Larry Crabb. This new edition includes: Epilogue from Dr. Don Hudson. Authentic and Inauthentic. Recipe Theology.
We struggle to live in community with each other. Maybe our lives are moving toward a kind of maturity that will open our mouths and leave Satan speechless. But never as a permanent adjustment. And that is true victory. Permit us to introduce ourselves to you: three men, each with a story to tell — stories of sadness, joy, failure, success, boredom, passion, vengeance, and love. Join us in thinking through what it means to be a man, to live as God intended men to live. The kid in the front row with the rascally grin — that one on the far left — is me at age four.
It is a strange feeling to look at myself more than sixty years later and wonder what lay behind that attention-grabbing smile. My mind drifts from that picture and wanders off in several directions. I remember when I was about thirty.
Men of Courage: God's Call to Move Beyond the Silence of Adam (Formerly Silence Of Adam, The)
I can see myself joking, teasing, entertaining — engaging each of the folks I had just taught, with what my memory tells me was a noisy grin, not unlike the one in the picture. After everyone left but my wife and I, Evelyn approached me with a knowing, somewhat troubled look. I immediately felt caught, more than a little unnerved. But I managed to remain casual.
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Okay, why? Another memory. I was maybe twelve.
Men of Courage: God’s Call to Move Beyond the Silence of Adam
On vacation with my parents and brother, I was spending the night in a log-cabin motel in the mountains of upper New York, just outside the sleepy village of Schroon Lake. My bed was the top bunk. A window opened onto the moonlit lake bordered by a thousand pine trees. I remember lying on my bunk, staring out the window, utterly caught up in the majesty of the scene.
An irresistible sense that I was part of something big, something beautiful, crept into my awareness. In all my life, it was perhaps the closest thing to a call from God I ever heard. I knew that I fit, I knew that I was part of a larger story, and I felt stirred. I had something to give that would make a difference.
I was thrilled, excited; I felt lifted up into a dimension I had never before seen. But I was also frightened, terrified with a fear that wanted to paralyze me. Another memory comes to mind as I write. As a child growing up in Plymouth Meeting, a tiny suburb of Philadelphia, my bedroom was at the end of a long hallway.
One night I was lying in bed, reading my Bible. I was perhaps thirteen. I quickly hid my Bible beneath the sheets and grabbed a comic book. Dad would have been delighted to see me reading the Bible. Why did I deny him that joy? Why did I prefer to be seen with a comic book?
Ask Mother what I was like as a youngster, and — as she has done many times — she will immediately reply, with a look of fond exasperation, He was a rascal! During my growing-up years, all the way through high school and college, I worked hard to be silly. No one who knew me then ever guessed that I felt called by God and that I read my Bible. The fact that I write serious books rather than cartoons has surprised most of my teenage friends.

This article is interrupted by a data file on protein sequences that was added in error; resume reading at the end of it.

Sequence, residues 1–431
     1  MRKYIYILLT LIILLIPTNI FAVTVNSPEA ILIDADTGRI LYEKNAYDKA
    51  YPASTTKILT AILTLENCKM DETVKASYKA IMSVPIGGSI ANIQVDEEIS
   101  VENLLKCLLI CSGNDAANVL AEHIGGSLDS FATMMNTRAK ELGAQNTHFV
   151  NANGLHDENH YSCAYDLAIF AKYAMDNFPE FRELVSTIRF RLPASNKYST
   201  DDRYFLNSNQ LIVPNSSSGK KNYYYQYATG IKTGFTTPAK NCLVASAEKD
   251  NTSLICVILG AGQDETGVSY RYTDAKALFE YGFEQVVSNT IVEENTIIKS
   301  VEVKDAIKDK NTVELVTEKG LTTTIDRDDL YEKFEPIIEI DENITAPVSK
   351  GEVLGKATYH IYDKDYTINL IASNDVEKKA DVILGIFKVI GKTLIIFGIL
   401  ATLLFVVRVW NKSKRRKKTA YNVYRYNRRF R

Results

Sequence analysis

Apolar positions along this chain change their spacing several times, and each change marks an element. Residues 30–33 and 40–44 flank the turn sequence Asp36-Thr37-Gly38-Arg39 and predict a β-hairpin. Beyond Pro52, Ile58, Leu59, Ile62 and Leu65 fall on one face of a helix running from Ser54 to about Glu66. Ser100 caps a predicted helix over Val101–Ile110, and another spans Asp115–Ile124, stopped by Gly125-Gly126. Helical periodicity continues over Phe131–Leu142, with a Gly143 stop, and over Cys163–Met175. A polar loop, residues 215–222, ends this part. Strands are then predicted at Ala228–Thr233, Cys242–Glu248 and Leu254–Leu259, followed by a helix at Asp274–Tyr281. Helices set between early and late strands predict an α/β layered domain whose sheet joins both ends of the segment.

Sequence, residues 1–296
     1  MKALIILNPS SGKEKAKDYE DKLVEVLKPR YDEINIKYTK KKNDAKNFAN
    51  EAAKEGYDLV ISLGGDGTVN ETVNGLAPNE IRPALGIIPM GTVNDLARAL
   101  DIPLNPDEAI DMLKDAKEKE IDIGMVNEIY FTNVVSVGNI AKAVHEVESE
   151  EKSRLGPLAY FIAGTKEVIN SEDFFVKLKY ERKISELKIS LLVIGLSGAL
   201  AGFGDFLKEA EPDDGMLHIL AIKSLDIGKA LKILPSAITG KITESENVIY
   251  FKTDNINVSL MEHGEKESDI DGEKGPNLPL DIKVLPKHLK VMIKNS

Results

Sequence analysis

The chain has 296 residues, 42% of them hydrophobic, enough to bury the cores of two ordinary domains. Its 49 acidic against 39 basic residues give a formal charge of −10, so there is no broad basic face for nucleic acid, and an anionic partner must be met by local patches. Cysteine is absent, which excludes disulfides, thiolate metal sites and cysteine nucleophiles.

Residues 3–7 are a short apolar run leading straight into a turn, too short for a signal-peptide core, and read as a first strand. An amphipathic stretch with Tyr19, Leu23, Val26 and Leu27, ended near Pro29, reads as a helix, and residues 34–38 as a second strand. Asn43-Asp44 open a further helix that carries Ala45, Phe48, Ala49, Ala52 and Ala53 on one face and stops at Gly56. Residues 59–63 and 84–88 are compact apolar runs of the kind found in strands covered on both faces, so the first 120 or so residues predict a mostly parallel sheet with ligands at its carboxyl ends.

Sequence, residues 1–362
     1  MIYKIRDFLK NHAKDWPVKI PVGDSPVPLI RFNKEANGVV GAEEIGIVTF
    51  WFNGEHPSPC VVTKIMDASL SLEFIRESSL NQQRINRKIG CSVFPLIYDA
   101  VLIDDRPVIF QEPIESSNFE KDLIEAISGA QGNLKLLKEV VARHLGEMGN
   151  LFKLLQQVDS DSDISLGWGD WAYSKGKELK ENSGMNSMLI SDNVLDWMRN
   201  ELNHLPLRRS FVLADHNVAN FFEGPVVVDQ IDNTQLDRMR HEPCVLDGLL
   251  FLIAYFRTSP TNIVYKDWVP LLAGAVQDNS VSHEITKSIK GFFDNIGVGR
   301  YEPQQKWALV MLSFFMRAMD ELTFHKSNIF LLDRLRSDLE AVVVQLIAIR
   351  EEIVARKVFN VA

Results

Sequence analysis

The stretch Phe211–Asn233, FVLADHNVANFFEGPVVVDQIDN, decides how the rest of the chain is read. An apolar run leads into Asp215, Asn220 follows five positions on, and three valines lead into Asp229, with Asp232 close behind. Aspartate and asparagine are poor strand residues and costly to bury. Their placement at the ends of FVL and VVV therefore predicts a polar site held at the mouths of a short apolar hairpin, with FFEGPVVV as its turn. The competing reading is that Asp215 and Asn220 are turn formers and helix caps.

Have I been trying for years, from kindergarten on, to hide my substance behind nonsense? Did I joke with our Bible study friends to keep them from taking me too seriously? Did the notion that I had something to say to this world terrify me? Was I a rascal in order to run away from a primitively sensed calling to be a man, to deny the dreams that were forming within me? I wonder if the prospect of moving into my world as the person I know I am still terrifies me, perhaps enrages me, and leaves me feeling isolated, disconnected, lonely.
These thoughts enter my mind as I stare at the grinning four-year-old that was — and perhaps still is — me. As I keep looking at the picture, an entirely different line of thinking comes to mind. I have no recollection of it, but I cannot imagine the Sunday school teacher was especially pleased with my rascally smile.
If I close my eyes and visualize her presumed disapproving look, I can feel a strange pleasure, a definite feeling of satisfaction. Perhaps I like it that way. A little rebellion tastes good. Maybe there is a good kind of rebellion, a spunkiness, a courage to live authentically, even at the cost of not fitting in.
Maybe it is the courage to dream. Whatever it is, I like it. A seminary employed me as a professor for seven years — and then asked me to leave. My presence did not sit well with some of their constituency. Looking back, I can see a hundred things I said and did that would understandably trouble them. Many of those things were immature, and some were sinful; a few I would do again. Releasing who I am feels like dangerous business. I just may be a rebellious rascal, with a mischievous grin on my face, more often than I realize.
Men of Courage: God's Call to Move Beyond the Silence of Adam by Crabb: New | eBay
But neither rebellion nor rascalness defines me. Something else is more central to my being.
I am a masculine reflection of the character of God. I was designed to move into and through my world with laughter and hope.